Yogurt Apple Cake
I found myself with just over an hour to kill on Friday evening. I had already dropped A. off at church, where she was meeting the youth group to go and see Harry Potter and the Goblet of Fire. And just before I'd done that, I'd taken L. her dinner at her ballet rehearsal. She is going to be a toy soldier in The Nutcracker this year, and she had a class from 4:45 to 5:45, followed by a rehearsal from 6:45 to 7:45. In the intervening hour, the girls sit in the dressing room and eat dinner and, I suppose, giggle, though probably not too loudly, as the ballet teacher (does one call such a person "the ballet mistress"?) is quite the disciplinarian.
Anyway, after dropping off the girls, I reckoned that I had enough time to run up to Costco (about six miles away; nothing is convenient in the suburbs) and pick up a few things, maybe including the first of items for Thanksgiving. And I found a big refrigerated bin full of fresh (never frozen), minimally processed turkeys. Hooray. I exercised an inordinate amount of self-restraint and got a twelve pounder (they had even smaller ones, but there are limits), and then I headed off to the produce section.
This time of year, as you must know, is the best season to get fresh apples, the crop having only recently been harvested. In addition to the usual varieties, there were twelve packs of Cameo and Jonagold apples, so I got one (dozen) of each. I had never used either kind before, but some quick research indicated that I probably wanted to eat the Jonagold out of hand and cook with the Cameo (though before I did that research, I had already eaten a Cameo, and it was yummy).
V., unsurprisingly, thought that I'd taken leave of my senses when he saw me come home with two dozen apples. I may, it's true, have something of a history of buying produce and not using it before it's no longer usable, but I assured him (hopefully truthfully) that I'd find uses for them.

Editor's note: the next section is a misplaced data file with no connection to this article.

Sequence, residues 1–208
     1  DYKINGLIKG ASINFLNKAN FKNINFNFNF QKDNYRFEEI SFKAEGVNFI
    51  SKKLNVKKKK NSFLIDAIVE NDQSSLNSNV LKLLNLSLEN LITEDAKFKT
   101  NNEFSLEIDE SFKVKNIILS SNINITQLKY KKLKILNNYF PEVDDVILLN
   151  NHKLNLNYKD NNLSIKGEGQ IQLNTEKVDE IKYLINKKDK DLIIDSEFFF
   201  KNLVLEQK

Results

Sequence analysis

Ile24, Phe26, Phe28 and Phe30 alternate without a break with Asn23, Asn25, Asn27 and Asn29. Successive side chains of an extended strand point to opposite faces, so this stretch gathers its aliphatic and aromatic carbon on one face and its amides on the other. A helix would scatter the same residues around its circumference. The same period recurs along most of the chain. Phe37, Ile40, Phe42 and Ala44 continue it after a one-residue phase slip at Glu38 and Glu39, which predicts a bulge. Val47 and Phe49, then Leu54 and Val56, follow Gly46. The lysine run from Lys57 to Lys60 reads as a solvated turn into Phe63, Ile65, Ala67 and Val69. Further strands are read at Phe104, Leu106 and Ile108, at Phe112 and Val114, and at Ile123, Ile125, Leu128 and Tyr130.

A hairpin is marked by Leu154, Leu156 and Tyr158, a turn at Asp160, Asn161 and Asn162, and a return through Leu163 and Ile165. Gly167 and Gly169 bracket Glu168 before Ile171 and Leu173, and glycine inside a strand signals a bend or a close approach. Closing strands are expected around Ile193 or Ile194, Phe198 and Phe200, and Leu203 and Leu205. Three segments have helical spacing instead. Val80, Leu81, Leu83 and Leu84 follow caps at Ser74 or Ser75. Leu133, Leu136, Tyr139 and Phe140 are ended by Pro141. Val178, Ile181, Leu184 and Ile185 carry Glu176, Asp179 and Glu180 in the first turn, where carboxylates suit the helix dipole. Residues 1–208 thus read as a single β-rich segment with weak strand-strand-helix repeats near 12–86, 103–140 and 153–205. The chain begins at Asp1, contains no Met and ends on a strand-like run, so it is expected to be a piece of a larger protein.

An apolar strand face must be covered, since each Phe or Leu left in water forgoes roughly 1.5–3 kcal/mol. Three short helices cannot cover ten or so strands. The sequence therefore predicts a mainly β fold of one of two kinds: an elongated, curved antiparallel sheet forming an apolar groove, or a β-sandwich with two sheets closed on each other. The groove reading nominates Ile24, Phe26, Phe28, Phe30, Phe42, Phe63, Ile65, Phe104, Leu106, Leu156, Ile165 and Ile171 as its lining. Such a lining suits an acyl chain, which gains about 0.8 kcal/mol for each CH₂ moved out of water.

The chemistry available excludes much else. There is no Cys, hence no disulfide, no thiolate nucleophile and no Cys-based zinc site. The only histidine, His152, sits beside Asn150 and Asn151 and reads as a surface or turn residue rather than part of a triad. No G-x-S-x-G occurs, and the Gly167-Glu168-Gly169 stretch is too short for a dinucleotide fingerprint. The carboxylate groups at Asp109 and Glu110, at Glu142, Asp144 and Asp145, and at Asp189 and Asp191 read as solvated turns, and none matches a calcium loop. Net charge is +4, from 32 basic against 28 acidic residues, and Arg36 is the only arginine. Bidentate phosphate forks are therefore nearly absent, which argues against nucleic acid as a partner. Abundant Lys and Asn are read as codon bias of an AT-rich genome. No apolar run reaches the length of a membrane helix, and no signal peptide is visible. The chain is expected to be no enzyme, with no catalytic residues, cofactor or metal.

So tonight I made an apple cake with two of the Cameos, which turned out to be as good for cooking as my research had indicated. Hooray. This is really a very simple cake to make, and the real preparation time, including chopping the apples, is not much more than five minutes, though, of course, you have to preheat the oven and then you have to wait for the cake to bake. It is somewhat casual in appearance, and I think that it is ideally suited to lunchboxes or afternoon noshing, but you could certainly pair it with some whipped cream or vanilla ice cream, and it would make an entirely satisfying dessert for your dinner.
Yogurt Apple Cake
1 stick butter
2 cups all purpose flour
1 cup sugar
1 tsp. baking powder
1/2 tsp. cinnamon
1/2 tsp. salt (if you're using unsalted butter)
1 c. plain yogurt
1 tsp. vanilla extract
Preheat the oven to 350 degrees. Butter and flour a bundt or other ring pan.
Let butter come to room temperature, or microwave on defrost until it is soft.
Cut the apples in quarters, remove the cores, and dice. Leave the skins on.
Remove the zest from the lemon with a grater and add it to the apples. Add the juice of half the lemon to the apples.
Put the whisk attachment on your mixer. Put the flour, sugar, baking powder, cinnamon, and salt in the bowl and whisk for two minutes. With the whisk running, add the softened butter by tablespoons. With the whisk running, add the yogurt.
In a small bowl, beat the eggs and vanilla together. With the whisk running, add the egg mixture to the other ingredients.
Fold in the chopped apples, lemon juice, and lemon peel by hand. Turn the batter into the prepared pan. Bake for 50 minutes, or until a toothpick comes out clean.
Cool in the pan for ten minutes, then invert onto a rack to cool all the way.